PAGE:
Former war criminal Allen West is joining the chorus of right wing inanity about the Kim Davis situation, and he’s adding in a pile of historical nonsense about Thomas Jefferson and separation of church and state. He flatly declares, but doesn’t even attempt to support, that Jefferson’s wall of separation was only designed to prevent having a king that was both head of state and head of the church.
And so it begins. Sadly, it seems America has truly forgotten the intent of Thomas Jefferson’s letter to the Danbury (CT) Baptist Convention on the subject of separation of church and state. It was Jefferson’s intent to not have in America a head of state who was also head of church, ala King Henry VIII and the establishment of the Church of England.
Jefferson didn’t want the state to establish religion that would lead to state persecution of religious freedom — the reason why the Pilgrims came to America. That’s why the First Amendment to our US Constitution states, “Congress shall make no law respecting an establishment of religion, or prohibiting the free exercise thereof.” In America, the citizen has the freedom of religion; the state can’t institute an atmosphere of freedom from religion.
Absolute nonsense. Jefferson did not believe or say that the First Amendment only forbid an actual religious establishment of the sort seen throughout Europe up to that point. In fact, he believed that it forbid the government from taking any position at all about religion. When he was president, he refused to issue even purely advisory declarations of prayer and thanksgiving, something both of his predecessors had done. In a letter to Rev. Samuel Miller, he explained why:
Sir, — I have duly received your favor of the 18th and am thankful to you for having written it, because it is more agreeable to prevent than to refuse what I do not think myself authorized to comply with. I consider the government of the U S. as interdicted by the Constitution from intermeddling with religious institutions, their doctrines, discipline, or exercises. This results not only from the provision that no law shall be made respecting the establishment, or free exercise, of religion, but from that also which reserves to the states the powers not delegated to the U.S. Certainly no power to prescribe any religious exercise, or to assume authority in religious discipline, has been delegated to the general government. It must then rest with the states, as far as it can be in any human authority. But it is only proposed that I should recommend, not prescribe a day of fasting & prayer. That is, that I should indirectly assume to the U.S. an authority over religious exercises which the Constitution has directly precluded them from. It must be meant too that this recommendation is to carry some authority, and to be sanctioned by some penalty on those who disregard it; not indeed of fine and imprisonment, but of some degree of proscription perhaps in public opinion. And does the change in the nature of the penalty make the recommendation the less a law of conduct for those to whom it is directed? I do not believe it is for the interest of religion to invite the civil magistrate to direct it’s exercises, it’s discipline, or it’s doctrines; nor of the religious societies that the general government should be invested with the power of effecting any uniformity of time or matter among them. Fasting & prayer are religious exercises. The enjoining them an act of discipline. Every religious society has a right to determine for itself the times for these exercises, & the objects proper for them, according to their own particular tenets; and this right can never be safer than in their own hands, where the constitution has deposited it.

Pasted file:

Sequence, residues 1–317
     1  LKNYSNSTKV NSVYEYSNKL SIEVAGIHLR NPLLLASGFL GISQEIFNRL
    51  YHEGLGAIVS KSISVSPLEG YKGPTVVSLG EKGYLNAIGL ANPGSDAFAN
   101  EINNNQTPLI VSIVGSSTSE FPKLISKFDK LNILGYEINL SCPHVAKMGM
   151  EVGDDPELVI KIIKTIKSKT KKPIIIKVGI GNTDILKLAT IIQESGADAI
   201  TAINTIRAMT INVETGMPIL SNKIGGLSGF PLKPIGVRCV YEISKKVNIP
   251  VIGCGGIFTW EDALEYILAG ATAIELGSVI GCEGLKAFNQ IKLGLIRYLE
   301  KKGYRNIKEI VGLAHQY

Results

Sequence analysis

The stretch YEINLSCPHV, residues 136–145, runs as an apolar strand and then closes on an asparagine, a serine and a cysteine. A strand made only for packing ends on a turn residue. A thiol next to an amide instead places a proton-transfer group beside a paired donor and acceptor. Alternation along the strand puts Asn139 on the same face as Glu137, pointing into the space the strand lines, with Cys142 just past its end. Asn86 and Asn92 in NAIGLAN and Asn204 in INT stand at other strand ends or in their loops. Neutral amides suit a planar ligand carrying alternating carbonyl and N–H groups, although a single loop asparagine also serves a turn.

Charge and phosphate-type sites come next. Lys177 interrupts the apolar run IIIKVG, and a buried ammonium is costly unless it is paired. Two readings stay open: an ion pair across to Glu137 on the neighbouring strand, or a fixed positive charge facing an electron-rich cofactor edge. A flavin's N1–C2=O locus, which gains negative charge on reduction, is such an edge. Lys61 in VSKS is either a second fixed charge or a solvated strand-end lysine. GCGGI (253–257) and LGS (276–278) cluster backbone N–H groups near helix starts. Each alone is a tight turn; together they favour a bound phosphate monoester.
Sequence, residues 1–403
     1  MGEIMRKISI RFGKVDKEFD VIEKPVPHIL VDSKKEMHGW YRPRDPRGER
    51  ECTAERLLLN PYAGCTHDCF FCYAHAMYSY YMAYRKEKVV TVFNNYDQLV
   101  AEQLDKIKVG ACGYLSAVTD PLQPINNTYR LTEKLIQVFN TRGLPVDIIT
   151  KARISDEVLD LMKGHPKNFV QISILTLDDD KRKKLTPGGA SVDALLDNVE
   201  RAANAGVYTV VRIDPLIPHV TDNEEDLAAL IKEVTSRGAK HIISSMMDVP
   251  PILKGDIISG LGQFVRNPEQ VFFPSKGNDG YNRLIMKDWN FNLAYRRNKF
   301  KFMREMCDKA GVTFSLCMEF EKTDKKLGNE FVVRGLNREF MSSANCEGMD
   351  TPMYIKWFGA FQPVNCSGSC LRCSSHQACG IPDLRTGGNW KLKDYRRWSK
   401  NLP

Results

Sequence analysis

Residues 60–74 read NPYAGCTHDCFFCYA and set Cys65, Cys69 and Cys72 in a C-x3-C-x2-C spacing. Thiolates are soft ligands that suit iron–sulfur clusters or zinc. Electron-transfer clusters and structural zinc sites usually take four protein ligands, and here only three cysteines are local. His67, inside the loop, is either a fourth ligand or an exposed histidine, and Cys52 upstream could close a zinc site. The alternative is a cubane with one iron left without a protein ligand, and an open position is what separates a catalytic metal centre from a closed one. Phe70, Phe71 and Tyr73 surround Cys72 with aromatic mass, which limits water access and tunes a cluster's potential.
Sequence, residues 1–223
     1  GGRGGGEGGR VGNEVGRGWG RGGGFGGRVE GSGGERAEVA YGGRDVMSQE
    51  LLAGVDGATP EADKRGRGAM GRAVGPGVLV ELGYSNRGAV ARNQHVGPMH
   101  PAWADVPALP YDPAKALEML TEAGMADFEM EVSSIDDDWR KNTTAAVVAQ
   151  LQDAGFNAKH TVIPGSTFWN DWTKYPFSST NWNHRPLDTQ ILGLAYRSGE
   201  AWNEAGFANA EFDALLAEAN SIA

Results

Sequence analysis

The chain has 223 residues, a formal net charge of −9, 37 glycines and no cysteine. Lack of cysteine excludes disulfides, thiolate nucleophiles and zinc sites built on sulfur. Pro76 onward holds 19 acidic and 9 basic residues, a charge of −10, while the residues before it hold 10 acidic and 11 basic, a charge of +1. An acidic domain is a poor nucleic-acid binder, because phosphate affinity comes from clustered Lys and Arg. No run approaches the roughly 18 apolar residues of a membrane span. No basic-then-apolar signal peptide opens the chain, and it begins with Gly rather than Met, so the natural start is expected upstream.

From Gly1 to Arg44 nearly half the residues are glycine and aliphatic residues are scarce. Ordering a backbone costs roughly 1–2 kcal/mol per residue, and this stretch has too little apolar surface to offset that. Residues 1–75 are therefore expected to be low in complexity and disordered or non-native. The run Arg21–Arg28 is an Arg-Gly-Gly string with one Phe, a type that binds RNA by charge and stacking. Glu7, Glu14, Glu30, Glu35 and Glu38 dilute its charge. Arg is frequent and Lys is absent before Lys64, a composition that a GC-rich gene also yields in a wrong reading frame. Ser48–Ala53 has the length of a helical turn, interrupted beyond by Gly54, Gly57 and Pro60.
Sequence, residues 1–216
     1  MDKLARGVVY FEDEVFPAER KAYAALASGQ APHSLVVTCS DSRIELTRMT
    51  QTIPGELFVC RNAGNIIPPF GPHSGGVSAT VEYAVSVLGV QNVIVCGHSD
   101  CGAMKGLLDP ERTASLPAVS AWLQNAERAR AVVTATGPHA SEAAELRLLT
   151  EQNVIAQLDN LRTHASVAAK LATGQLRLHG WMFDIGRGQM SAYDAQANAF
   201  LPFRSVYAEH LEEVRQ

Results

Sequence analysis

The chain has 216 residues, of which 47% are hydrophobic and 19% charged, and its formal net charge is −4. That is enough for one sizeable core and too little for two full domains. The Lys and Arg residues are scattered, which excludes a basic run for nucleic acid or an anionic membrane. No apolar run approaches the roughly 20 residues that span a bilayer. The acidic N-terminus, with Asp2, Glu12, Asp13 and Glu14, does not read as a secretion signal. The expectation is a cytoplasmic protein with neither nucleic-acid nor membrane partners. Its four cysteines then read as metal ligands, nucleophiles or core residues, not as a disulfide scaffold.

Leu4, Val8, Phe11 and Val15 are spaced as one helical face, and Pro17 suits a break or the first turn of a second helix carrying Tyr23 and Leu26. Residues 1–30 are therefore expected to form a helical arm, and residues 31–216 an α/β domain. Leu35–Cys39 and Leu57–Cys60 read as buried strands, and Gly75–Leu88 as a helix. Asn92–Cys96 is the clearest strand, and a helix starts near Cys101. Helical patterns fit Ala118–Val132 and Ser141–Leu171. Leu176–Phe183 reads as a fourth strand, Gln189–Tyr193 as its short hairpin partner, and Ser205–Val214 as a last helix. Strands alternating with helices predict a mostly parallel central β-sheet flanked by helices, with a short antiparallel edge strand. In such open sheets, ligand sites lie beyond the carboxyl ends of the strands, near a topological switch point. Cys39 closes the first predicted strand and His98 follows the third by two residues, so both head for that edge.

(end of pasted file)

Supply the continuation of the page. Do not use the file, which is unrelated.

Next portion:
I am aware that the practice of my predecessors may be quoted. But I have ever believed that the example of state executives led to the assumption of that authority by the general government, without due examination, which would have discovered that what might be a right in a state government, was a violation of that right when assumed by another. Be this as it may, every one must act according to the dictates of his own reason, & mine tells me that civil powers alone have been given to the President of the U S. and no authority to direct the religious exercises of his constituents.
James Madison was even more adamant that the separation should remain absolutely strict. He opposed having chaplains in the military, a position that even the ACLU does not take today.